She also took issue with what she said was a lack of input from the policy council on the decision.
The structure of federal requirements leaves the Head Start program with little wiggle room. Programs have to meet target enrollments for each classroom they operate. Ten percent of enrolled children can be exempt from income requirements, but most need to be from low-income families. Children can be bused in, but not from more than an hour away.
If programs can’t fill their slots, or overfill them, “you would be put under the microscope almost immediately,” Owen said. For Joliet and Red Lodge, she said the program has been heavily recruiting to fill seats. With no flexibility and little margin of error with small populations, changes could put a classroom in jeopardy.
“That’s tough on rural areas," said Ravalli County Head Start Executive Director John Filz. "It just is.”
Not every program has run into trouble. Ravalli, which serves Missoula and the outlying area, hasn't closed sites in recent years, though demand is concentrated in Missoula. And officials in Glendive said that demand has remained strong even as the Bakken boom wanes.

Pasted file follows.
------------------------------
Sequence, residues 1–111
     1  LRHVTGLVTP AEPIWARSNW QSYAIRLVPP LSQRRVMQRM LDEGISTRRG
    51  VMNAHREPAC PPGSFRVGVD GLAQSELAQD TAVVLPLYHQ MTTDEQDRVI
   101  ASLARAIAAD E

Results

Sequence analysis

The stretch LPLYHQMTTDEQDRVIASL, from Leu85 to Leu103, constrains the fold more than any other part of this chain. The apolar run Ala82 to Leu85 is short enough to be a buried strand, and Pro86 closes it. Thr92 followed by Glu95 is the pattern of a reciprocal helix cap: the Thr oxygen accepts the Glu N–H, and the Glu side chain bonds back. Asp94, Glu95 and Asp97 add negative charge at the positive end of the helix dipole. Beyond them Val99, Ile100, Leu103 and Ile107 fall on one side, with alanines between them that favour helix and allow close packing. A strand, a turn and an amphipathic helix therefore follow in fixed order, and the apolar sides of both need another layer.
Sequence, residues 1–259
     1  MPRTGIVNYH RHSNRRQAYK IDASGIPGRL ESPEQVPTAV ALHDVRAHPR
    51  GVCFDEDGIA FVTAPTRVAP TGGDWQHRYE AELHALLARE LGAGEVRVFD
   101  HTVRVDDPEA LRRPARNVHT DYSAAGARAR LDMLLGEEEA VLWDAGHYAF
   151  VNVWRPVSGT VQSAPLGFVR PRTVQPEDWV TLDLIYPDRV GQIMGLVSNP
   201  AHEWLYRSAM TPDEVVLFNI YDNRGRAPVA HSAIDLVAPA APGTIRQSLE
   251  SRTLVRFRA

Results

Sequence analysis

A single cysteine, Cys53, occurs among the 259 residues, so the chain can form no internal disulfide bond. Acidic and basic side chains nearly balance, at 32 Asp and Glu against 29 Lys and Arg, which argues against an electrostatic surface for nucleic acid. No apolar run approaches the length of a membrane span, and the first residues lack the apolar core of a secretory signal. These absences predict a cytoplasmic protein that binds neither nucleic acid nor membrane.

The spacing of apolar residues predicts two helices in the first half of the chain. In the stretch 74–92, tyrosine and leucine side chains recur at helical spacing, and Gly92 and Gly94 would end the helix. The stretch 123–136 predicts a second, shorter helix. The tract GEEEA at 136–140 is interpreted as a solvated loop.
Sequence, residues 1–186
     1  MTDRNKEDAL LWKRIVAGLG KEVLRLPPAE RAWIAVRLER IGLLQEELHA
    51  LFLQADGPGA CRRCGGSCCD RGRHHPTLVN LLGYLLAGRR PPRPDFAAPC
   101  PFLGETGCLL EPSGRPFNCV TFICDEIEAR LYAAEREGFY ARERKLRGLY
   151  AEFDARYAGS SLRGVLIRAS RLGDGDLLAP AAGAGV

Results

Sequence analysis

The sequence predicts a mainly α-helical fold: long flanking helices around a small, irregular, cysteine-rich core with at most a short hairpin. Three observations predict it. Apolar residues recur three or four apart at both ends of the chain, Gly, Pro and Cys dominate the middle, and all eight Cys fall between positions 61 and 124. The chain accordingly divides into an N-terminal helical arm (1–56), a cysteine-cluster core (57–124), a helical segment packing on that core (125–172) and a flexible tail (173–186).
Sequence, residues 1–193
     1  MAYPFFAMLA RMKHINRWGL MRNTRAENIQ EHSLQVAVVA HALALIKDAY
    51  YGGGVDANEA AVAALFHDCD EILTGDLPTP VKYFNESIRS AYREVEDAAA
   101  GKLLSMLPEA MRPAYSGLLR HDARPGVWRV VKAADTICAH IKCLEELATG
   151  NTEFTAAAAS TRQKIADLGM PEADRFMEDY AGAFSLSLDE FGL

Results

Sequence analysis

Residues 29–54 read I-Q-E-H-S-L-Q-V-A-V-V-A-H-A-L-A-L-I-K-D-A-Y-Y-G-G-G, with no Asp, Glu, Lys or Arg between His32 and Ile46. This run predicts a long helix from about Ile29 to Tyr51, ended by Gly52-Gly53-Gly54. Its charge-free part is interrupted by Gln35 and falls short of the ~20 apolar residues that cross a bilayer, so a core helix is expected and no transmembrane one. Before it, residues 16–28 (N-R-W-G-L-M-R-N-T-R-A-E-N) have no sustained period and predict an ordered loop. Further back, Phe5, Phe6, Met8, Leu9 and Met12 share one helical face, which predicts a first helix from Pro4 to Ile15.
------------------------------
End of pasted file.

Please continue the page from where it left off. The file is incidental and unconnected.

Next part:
Neither federal nor state authorities could provide a list of classroom sites for previous years, and publicly available reports don’t cite specific locations. But Billings is at least the third program to close a center related to enrollment struggles in recent years.
“We just ran out of qualifying students,” Bozeman's Executive Director Miller said of the Gallatin Gateway closure. “It’s a relatively small population there. It doesn’t take much, (with) the demographic shift, to change things.”
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Officials for Northwest Montana Head Start closed a center in Whitefish about six years ago and another in Martin City about four years ago. A new classroom was created in Columbia Falls, about a 15-minute drive from the two previous locations.
In Martin City, the school district also shut down.
“The community has changed to not have near as many young families because they just can’t sustain themselves in the area,” said Northwest Montana Head Start Executive Director Renee Funk.
“It’s not that those (remaining) children don’t deserve the services just as much as any other child,” she said. “But you might be able to service 18 children in an area for the same cost."
Northwest Montana also operates classrooms in Eureka and Kalispell, which serves as the local population center — with about 21,000 people, the area has a waiting list of about 120 children. Eureka, with just more than 1,000 people, is more than an hour from Kalispell. Martin City is only 35 minutes away, but has only about 300 people.
“They look at us from Washington, D.C.; they don’t understand the ruralness of our program,” Funk said.
Compared to some sites, Red Lodge is a metropolis, with about 2,200 people. But it's still an hour away from Billings.
Learning to learn